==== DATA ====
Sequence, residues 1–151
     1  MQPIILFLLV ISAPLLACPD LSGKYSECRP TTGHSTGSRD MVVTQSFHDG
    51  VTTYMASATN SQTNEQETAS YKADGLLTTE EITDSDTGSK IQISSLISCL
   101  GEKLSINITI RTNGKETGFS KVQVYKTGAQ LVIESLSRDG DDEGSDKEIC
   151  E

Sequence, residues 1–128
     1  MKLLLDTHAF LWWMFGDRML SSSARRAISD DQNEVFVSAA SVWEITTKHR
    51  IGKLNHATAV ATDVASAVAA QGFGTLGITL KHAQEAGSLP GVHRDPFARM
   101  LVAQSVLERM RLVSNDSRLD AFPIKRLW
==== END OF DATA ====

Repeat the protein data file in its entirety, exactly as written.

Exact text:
Sequence, residues 1–151
     1  MQPIILFLLV ISAPLLACPD LSGKYSECRP TTGHSTGSRD MVVTQSFHDG
    51  VTTYMASATN SQTNEQETAS YKADGLLTTE EITDSDTGSK IQISSLISCL
   101  GEKLSINITI RTNGKETGFS KVQVYKTGAQ LVIESLSRDG DDEGSDKEIC
   151  E

Sequence, residues 1–128
     1  MKLLLDTHAF LWWMFGDRML SSSARRAISD DQNEVFVSAA SVWEITTKHR
    51  IGKLNHATAV ATDVASAVAA QGFGTLGITL KHAQEAGSLP GVHRDPFARM
   101  LVAQSVLERM RLVSNDSRLD AFPIKRLW